1

I have a large number of instances of a class. Those instances can fire an event. The only important thing for that event is which instance fired it.

I have another instance of a class (and maybe in the future more classes), that want to subscribe to that event.

For example (in pseudo C#):

class Button
{
   public event EventHandler<Button> PressedTheButtonEvent();
}

class EventConsumer
{
   private int buttonsPressed;
   private OnButtonPressed(Button buttonReference)
   {
      buttonReference.color = blue;
      buttonsPressed++;
   }
}

In order for the EventConsumer class to subscribe to the event, it needs to subscribe to every instance's EventHandler<Button> delegate. Given the fact, that I have a large number of buttons, I do not like iterating over every existing button and susbcribing. This is prone to errors, especially if, for some reason, a button is created, after I have iterated over them.

I have come up with 2 solutions:

  1. Make the PressedTheButtonEvent static.
  2. Create another class, that has a single event. Instead of every button firing its event, call a method on the new class to do so.

I don't like 2. because the new class is tightly coupled with the Button class. I also don't like much 1., because if for some reason, someone forgets to unsubscribe from the static event, those instances will not be garbage collected.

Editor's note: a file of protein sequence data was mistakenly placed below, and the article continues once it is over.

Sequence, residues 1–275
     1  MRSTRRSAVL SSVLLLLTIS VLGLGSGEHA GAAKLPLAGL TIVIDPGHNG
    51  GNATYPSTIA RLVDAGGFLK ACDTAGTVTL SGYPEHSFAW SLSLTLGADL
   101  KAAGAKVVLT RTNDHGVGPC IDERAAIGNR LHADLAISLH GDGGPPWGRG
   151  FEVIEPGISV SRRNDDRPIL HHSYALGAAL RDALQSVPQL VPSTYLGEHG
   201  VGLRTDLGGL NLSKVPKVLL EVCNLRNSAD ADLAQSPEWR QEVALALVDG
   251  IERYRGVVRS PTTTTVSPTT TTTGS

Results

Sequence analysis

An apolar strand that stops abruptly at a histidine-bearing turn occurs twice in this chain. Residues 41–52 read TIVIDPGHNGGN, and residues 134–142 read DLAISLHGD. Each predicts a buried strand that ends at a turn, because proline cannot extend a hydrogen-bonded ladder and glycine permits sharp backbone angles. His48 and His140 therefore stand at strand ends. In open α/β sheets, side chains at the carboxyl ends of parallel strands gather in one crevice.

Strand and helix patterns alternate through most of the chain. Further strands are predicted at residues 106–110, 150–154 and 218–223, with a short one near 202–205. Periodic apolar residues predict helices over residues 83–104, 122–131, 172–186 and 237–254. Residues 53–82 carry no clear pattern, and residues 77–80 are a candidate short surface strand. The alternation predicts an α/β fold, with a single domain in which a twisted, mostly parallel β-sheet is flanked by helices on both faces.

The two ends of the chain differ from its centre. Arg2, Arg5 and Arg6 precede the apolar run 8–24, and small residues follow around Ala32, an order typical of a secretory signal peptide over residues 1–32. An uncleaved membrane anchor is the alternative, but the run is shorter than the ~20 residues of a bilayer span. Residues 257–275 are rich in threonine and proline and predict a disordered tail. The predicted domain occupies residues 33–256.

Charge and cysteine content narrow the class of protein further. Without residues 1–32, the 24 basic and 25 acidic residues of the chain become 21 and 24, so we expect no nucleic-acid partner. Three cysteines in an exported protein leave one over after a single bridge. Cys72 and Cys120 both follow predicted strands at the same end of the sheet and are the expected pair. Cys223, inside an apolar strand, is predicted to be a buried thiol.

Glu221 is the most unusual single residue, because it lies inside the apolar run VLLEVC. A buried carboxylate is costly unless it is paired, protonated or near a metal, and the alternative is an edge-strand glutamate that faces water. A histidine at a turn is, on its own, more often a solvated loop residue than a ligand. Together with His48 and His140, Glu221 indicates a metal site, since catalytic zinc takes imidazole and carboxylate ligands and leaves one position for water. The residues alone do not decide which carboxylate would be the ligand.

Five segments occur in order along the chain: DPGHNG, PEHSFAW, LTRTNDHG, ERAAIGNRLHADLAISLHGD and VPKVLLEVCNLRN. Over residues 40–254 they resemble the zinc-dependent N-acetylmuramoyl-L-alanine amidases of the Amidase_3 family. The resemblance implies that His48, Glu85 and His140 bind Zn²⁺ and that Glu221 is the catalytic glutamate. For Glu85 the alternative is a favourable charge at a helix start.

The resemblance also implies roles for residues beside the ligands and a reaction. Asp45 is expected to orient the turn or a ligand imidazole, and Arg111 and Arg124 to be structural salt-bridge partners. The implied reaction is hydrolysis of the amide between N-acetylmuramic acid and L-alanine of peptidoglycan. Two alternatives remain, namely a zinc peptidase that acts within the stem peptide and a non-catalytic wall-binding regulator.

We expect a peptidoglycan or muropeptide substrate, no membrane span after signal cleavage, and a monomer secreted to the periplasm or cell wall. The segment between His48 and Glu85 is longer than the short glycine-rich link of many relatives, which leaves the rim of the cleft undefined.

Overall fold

Are there any other solutions?

I'm writing C#, but I tried to keep the question in a more general context.

  • You might find Routed Events in WPF relevant. You can read more about them here. – Robert Harvey Oct 14 '16 at 23:19
1

2 is the mediator pattern.

You can get around the tight coupling by:

  • Injecting a IMediator interface with just 'publish' and 'listen'

  • By using a factory method to create the buttons and wire up the event at the same time

  • Have a ButtonViewModel which takes the injected mediator, the event and wires up to the ButtonView which contains the button.

If you are doing C# with wpf the viewmodel is the way to go

1

Use a lambda for the event handler. The lambda captures all information necessary for it work at the point of its creation.

It's like the classic calculator example, where you add numeric buttons in a loop:

for (n in 0 .. 9)
{
    let button = createNumberButton(n);
    button.Click += (source, event) => { numberButtonPressed(n); };
}

No need to iterate over a list of buttons for event handling, no need to set up an identity hash map for the instances, &c. :)

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